MMA Fighter Challenges People to Punch Him in the Face, Everyone Fails

Tag: armchair matchmaker

Armchair Matchmaker: UFC 128 Edition

Urijah Faber Eddie Wineland UFC 128 MMA photos
(“Us Californians have a pretty chill attitude about the law of gravity, brah.” Photo courtesy of MMAFighting)

Jon Jones will be defending his new belt against former teammate Rashad Evans, Urijah Faber will be rematching Dominick Cruz in another title fight (this time at bantamweight), and we probably won’t be seeing Mirko Cro Cop around these parts again. But what’s in store for the other winners and losers from UFC 128‘s main card? Allow us to offer a few suggestions…

Mauricio “Shogun” Rua: The obvious matchup is Quinton “Rampage” Jackson. Rampage is fighting Matt Hamill at UFC 130 in May, but I think Shogun vs. Rampage 2 is worth booking for this fall no matter what happens in the Hamill fight. Rua and Jackson’s history in PRIDE creates an easy-to-promote storyline, and to be honest, Shogun could probably use a few more months to get in shape. Not to take anything away from Jon Jones’s brilliant performance on Saturday night, but Shogun looked like he usually does when coming back from knee surgery — a little soft, and with questionable conditioning.

Eddie Wineland: With Miguel Torres also booked at UFC 130, the only other option that makes sense is former bantamweight title contender Joseph Benavidez, who deserves a higher-profile fight after being buried in a dark match against Ian Loveland this weekend. I’ll even go one step further and suggest the event where this match should take place: UFC on Versus 4, main card.

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Armchair Matchmaker: Ultimate Fighter 12 Finale Edition

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(Dude. Yikes. Photos courtesy of UFC.com)

Ladies and gentlemen, we’ve just received word that Cody "The French Revolution" McKenzie has agreed to take on Yves Edwards at UFC Fight for the Troops 2 on January 22nd, after Edwards’s original opponent was drafted for the main event. (It should be noted that Edwards has never lost by guillotine choke in 56 career fights.) McKenzie’s big return made us wonder — what does the future hold for the other winners of last Saturday’s UFC event? Well gather around, kids, and we’ll tell you what should happen…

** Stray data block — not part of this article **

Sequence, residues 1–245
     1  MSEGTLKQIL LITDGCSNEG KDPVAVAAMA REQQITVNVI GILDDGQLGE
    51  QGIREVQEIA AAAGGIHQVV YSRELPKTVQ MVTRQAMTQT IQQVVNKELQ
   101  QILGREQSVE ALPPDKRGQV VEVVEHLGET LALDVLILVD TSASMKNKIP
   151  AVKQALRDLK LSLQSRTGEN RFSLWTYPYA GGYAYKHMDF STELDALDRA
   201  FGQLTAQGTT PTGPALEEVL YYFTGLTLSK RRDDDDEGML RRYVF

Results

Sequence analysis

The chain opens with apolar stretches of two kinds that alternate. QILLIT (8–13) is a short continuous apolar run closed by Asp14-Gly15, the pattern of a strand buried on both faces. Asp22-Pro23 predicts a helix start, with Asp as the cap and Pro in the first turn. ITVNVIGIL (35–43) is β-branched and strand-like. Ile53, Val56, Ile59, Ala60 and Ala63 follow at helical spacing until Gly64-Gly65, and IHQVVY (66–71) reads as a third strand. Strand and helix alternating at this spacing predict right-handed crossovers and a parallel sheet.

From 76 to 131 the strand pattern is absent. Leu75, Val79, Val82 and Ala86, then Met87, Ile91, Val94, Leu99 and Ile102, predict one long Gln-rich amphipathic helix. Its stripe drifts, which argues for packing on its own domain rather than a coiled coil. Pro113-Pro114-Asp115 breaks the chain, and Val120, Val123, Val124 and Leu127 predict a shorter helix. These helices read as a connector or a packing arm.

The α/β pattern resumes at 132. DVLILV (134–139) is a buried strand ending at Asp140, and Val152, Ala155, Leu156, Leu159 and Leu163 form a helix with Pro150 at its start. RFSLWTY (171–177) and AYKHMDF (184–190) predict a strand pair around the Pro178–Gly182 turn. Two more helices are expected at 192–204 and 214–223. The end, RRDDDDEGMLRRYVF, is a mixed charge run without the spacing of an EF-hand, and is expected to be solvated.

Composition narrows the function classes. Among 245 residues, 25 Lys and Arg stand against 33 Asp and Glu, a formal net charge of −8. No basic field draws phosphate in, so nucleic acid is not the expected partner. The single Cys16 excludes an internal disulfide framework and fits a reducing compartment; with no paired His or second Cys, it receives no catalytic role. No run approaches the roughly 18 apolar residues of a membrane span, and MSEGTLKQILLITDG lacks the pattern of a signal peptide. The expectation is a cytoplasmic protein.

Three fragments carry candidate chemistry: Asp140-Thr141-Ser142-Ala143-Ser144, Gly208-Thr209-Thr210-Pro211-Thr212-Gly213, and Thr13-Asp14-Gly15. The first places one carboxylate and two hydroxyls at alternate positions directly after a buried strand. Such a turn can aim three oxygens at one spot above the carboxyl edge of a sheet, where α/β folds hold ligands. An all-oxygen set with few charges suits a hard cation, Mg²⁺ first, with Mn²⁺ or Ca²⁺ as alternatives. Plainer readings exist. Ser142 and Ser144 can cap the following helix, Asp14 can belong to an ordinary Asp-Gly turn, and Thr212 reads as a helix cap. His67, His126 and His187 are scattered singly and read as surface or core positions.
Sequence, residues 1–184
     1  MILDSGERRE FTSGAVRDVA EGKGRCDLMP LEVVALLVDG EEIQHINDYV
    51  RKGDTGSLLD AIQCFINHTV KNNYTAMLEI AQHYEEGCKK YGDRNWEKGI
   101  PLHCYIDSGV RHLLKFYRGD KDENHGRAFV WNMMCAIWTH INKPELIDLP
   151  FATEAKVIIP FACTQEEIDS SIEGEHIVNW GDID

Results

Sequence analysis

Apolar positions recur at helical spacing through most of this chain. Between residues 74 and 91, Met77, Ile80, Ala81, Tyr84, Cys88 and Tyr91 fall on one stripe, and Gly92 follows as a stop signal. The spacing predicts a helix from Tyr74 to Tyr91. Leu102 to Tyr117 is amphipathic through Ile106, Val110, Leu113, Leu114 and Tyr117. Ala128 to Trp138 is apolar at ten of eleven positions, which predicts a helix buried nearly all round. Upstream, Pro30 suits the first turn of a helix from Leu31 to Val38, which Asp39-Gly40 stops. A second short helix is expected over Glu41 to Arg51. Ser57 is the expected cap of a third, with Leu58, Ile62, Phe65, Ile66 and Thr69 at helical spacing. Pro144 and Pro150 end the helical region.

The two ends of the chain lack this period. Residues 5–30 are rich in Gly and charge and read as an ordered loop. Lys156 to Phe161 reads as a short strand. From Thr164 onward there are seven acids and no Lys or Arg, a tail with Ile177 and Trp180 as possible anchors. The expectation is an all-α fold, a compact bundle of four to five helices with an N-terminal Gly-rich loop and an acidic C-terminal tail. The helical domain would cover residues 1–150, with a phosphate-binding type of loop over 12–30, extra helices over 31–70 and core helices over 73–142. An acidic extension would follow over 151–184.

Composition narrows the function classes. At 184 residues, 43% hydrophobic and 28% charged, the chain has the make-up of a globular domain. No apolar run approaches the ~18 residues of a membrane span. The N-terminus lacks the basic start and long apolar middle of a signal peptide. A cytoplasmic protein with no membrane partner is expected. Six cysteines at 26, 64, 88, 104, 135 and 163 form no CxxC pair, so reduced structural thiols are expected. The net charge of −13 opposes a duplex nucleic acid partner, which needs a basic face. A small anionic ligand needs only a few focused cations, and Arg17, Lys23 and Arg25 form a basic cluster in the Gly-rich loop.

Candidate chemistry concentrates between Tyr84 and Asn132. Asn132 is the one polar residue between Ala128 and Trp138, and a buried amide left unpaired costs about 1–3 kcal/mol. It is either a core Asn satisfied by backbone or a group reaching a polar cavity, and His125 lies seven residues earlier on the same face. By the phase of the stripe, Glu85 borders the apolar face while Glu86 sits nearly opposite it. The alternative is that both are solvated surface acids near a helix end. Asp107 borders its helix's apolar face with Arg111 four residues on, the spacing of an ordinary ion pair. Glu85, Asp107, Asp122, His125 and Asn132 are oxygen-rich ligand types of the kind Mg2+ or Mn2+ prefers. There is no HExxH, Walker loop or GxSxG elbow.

Jonathan Brookins: You know how this works. In his first post-TUF outing, Brookins needs to be built up against a relatively established vet who happens to be vulnerable against his skill-set. So, who’s a chokable, lateral-droppable lightweight who you’ve heard of, but who doesn’t have the kind of striking skills that will make Brookins look foolish? Huh. That actually doesn’t leave a lot of options among the UFC’s current roster.

This is going to sound random as hell, but I think the UFC needs to bring back Matt Veach. Though the H.I.T. Squad fighter was released by the UFC earlier this year after consecutive losses to Frankie Edgar and Paul Kelly (both by submission), he’s gone on to win three straight in smaller promotions; he was also undefeated before he came to the UFC, scoring stoppages in nine out of ten fights. I think we all want to see Brookins developed slowly in winnable matchups; still, Veach is far from a pushover.

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Armchair Matchmaker: UFC 123 Edition

Bruce Buffer UFC 123 jump
(Seriously, who let that mouse into the Octagon? Props: UFC.com)

Here’s what we know: BJ Penn and George Sotiropoulos already have dates at UFC 127 in Australia. Karo Parisyan has been fired (again), and Matt Brown will surely be let go as well after suffering his third-consecutive submission loss. (Tyson Griffin also lost his third-straight on Saturday, but will remain in the promotion, as the judges’ decision in his fight against Nik Lentz was utter horseshit.) So where do UFC 123‘s other winners and losers go from here? As usual, we have a few suggestions…